In such a war Germany must expect the hostility of the civilized world. The German Empire "is hated everywhere because of its political and economic prosperity." The Triple Alliance will probably break up by the withdrawal from it of Italy. "Russia at present has no inducement to seek an aggressive war with Germany or to take part in one." But her policy of marking time can be only transitory. Germany will always find her on the side of those who try to cross Germany's political paths. England, whose aim it is to repress Germany and strengthen France, will be Germany's chief enemy upon the sea. Specific protestations of England's politicians, publicists, and Utopians may be disregarded. A specific agreement with England is a will-o'-the-wisp which no serious German statesman would trouble to follow. To England the neutrality of Holland or Belgium would be a matter of no moment. "That England would pay much attention to the neutrality of weaker neighbors when such a stake was at issue is hardly credible." very valuable results can be expected from a war against England's trade. Nevertheless the war against the English must be belligerently prosecuted and should start unexpectedly.



The prizes which fall into our hands must be remorselessly destroyed, since it will usually be impossible, owing to the great English superiority and the few bases we have abroad, to bring them back in safety without exposing our vessels to great risks." It is, however, Thus the issue is presented to Germany: upon France that Germany's attack must first "world power or downfall.” In meeting be made. "France must be so completely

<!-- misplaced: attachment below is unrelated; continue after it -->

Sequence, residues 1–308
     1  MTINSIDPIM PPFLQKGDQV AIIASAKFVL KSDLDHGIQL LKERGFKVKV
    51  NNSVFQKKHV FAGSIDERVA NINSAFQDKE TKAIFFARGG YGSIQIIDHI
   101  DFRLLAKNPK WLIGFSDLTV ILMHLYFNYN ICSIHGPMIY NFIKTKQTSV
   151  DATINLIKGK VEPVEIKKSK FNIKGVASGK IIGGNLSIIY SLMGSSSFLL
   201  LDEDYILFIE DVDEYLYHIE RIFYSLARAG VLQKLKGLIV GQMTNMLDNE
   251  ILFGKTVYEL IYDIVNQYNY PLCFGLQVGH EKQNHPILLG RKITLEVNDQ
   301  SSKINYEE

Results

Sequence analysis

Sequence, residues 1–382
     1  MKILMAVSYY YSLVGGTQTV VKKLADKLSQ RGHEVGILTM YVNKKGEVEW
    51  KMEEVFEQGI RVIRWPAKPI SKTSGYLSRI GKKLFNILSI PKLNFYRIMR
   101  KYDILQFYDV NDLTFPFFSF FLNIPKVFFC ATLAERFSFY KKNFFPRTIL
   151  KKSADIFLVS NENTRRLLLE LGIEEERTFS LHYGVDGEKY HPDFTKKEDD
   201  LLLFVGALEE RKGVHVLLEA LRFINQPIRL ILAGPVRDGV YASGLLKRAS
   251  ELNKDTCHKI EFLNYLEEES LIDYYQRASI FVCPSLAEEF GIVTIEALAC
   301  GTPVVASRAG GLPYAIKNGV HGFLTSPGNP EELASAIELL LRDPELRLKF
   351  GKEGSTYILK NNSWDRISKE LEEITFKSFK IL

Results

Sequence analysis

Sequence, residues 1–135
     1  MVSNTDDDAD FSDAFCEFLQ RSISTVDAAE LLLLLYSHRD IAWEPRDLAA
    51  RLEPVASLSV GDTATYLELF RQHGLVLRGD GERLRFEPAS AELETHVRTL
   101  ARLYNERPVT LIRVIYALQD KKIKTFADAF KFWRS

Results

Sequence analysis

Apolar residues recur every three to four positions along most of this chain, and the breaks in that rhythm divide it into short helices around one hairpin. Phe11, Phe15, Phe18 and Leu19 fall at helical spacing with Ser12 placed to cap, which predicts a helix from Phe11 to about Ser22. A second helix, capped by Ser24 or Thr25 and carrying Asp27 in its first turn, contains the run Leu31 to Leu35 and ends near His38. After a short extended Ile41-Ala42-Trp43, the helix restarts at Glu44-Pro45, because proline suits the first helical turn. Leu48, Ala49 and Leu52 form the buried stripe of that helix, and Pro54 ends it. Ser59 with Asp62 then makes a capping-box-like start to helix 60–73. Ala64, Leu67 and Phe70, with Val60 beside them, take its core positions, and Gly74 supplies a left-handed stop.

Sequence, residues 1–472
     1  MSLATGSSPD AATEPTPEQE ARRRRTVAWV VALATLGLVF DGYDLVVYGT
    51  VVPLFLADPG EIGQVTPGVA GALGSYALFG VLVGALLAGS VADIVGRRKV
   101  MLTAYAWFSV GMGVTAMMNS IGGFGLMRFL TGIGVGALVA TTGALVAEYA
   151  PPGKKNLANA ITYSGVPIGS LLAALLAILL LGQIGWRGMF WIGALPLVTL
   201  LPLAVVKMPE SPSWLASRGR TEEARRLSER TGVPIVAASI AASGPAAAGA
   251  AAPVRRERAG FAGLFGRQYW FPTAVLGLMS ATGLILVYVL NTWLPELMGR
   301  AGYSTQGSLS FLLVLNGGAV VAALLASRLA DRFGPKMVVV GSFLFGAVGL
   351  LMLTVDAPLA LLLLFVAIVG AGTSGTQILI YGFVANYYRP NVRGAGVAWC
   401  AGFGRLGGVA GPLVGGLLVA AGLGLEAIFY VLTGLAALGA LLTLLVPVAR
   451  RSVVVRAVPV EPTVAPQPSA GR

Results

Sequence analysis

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crushed that she can never again come across our path."

In such a conflict the other members of the Triple Alliance will owe no duty to support Germany, for "neither Austria nor Italy is in any way bound to support by armed force a German policy directed towards an increase of power." The neutrality of Belgium will not defend Germany from an invasion by the English, for "neutrality is only a paper bulwark." But if invasion of that neutrality is attempted, it will be the duty of the other Powers to intervene, for by the treaties of London of November 15, 1831, and of April 19, 1839, on the part of the five great Powers, it is made "the duty of the contracting Powers to take steps to protect this neutrality when all agree that it is menaced ;" and "each individual Power has the right to interfere if it considers the neutrality menaced."

Our object in the foregoing résumé of General Bernhardi's book is not to criticise or comment upon the platform of the war party of Prussia, but only to report it to our readers as it is interpreted by one of the recognized leaders of that party. We complete that report by adding that there is not in the volume any suggestion that either the Latin, the Slav, or the Oriental races can add anything to the world's development; that anything has been added to music, art, literature, science, or human freedom by Italy, France, Russia, or Japan, though there is a concession that England has done something for commerce. Nor is there any suggestion that it is either possible or desirable to secure an opportunity for Germany's free national development by establishing friendly relations. with either England or France. There is no suggestion that a strong nation owes any duties to a weaker nation, and it is almost explicitly stated that a small nation has no right to exist. There is only a remote suggestion that Germany needs to defend herself or Europe against a Slav aggression, and, on the contrary, it is frankly affirmed that Russia has at present no inducement to seek an aggressive war with Germany or take part in one.